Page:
Don’t let Hollywood educate your kids
WHAT is rapper Iggy Azalea trying to prove with her nude squatting pose - that she's the female "poo jogger"?
She may be younger and more famous (only slightly) than former highflying business executive Andrew Douglas McIntosh, who fronted a Brisbane court this month after being caught defecating on a suburban pathway, but really?
Is Azalea so desperate for fame that she'll cop a squat wearing a pair of heels and socks, with not so much as a roll of toilet paper to wrap around herself?
Fashionably counter-culture she may claim to be, but that shouldn't extend to stripping off, particularly when, whether she likes it or not, she is an "influencer" of girls.
Azalea knows it, just like every parent knows it: there is already a ridiculous amount of pressure on girls to be daring, in how they dress and behave, in order to be popular, accepted or even to avoid being ostracised.
Girls as young as eight are being coerced or bribed into sending naked selfies to boys who then share them on social media like measles at a school camp.
Sometimes those "boys" are not boys at all, but middle-aged paedophiles misrepresenting themselves online.
Increasingly, girls are offering explicit images of themselves because they have been conditioned to think that this is expected or the new normal.
And when they do leave - and are allowed to leave - the house, many are so scantily clad they might as well be contestants on Love Island.
It's a sad situation, not helped by celebrities like 28-year-old Azalea from Mullumbimby and every other would-be Kardashian, Hadid or Hilton who wallow in narcissism instead of waking up to their broader responsibilities.
They might have lucrative contracts with fashion brands, record labels and reality TV shows, but the girls who admire them are still kids who deserve a childhood, and you can't put a price on that.
Azalea states in her raunchy campaign for US retail website Fashion Nova that "sometimes all you need is a good pair of heels".
It made we wonder just what sort of clothes Fashion Nova sells. Are they so awful that they're not worth showing?
Yes, actually. They're not really clothes at all, more like stretchy strips of fabric that may or may not hold in bums, boobs and other bits.
There's the "Nothing But A Sheer Thing" mesh dress, the "Simply Seductive Corset" top, and "Zipper Trouble" blazer.
You get the idea.
I'm not advocating a return to twin-sets and pearls, but surely there's a happy medium where you can look and feel attractive while keeping some flesh to yourself?
It's seriously misguided for young women to think dressing and behaving as sex objects is an expression of freedom, says American feminist Ariel Levy.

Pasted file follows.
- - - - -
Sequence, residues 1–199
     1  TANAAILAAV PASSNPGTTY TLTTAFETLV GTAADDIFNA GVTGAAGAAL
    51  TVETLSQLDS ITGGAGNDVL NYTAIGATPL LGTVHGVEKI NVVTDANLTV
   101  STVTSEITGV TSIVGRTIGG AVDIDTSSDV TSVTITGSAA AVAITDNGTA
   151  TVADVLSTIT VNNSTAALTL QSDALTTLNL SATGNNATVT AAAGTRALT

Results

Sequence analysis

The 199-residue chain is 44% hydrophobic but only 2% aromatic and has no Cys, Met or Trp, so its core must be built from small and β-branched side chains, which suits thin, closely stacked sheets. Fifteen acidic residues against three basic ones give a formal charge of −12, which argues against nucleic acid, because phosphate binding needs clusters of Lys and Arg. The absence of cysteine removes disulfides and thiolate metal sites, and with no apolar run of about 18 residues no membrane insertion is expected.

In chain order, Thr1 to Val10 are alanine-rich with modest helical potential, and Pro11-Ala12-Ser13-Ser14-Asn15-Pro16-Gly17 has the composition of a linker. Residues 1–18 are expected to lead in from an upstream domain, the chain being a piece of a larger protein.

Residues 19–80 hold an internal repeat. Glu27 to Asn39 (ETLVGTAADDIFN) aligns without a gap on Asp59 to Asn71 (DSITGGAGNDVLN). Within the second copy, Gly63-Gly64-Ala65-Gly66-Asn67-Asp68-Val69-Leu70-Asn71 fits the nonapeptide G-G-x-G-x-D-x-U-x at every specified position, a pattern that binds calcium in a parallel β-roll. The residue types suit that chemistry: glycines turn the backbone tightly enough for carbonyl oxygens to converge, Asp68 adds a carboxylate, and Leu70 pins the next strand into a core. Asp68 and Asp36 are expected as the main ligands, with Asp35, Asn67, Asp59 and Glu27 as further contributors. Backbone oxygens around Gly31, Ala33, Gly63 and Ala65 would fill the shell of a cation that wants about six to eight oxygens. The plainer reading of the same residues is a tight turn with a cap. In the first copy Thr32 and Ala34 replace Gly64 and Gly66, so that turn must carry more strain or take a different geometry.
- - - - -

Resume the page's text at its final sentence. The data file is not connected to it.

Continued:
"Raunchy" and "liberated" are not synonyms, Levy writes in her 2005 book Female
Chauvinist Pigs: Women and the Rise of Raunch Culture.
"Why is labouring to look like Pamela Anderson empowering?" she asks. "And how is imitating a stripper or a porn star - a woman whose job it is to imitate arousal in the first place - going to render us sexually liberated?"
Quite simply, it's not.
Young women need to feel empowered by, and valued for, what they offer beyond their physical appearance.
Their self-esteem should not be compromised by unattainable, air-brushed notions of beauty. And their place in society should not be limited to the sum of their body parts.
Looking to celebrities for guidance is probably too much to expect. In any case, the biggest influence on how kids think and act comes from the home.
Unfortunately, too many parents are unwilling to monitor, and regulate, what their kids are watching, wearing or doing.
Adolescent psychologist Dr Michael Carr-Gregg says children are ill-equipped to process sexualised images that bombard them on billboards, advertising, the internet and TV.
He says studies show that the relentless sexual messages kids receive are creating eating disorders and anxiety, and sexual activity at increasingly younger ages.
It is not OK to let your kids wear T-shirts that say 'sexy babe', for example. "The message is confusing, saying to be sexy but be good."
Carr-Gregg says manufacturers of highly sexualised products are deliberately exploiting kids, but parents have to "step up to the plate on educating kids early".
Set boundaries, say no, risk being unpopular.
Parents must accept that they have to be "benign dictators", he says.
"If we do nothing, we are going to have 'surrender parent syndrome', where parents surrender the parenting of their children to Hollywood, fundamentally, and if you want to have a daughter like Paris Hilton, then continue to allow Hollywood to educate your kids.
"Don't play a role, don't set limits, don't set boundaries and you're basically going to have psychological anarchy."
It might be bizarrely fashionable for show-ponies like Iggy Azalea to get their kit off for money, but it's a trend that kids shouldn't be allowed to follow.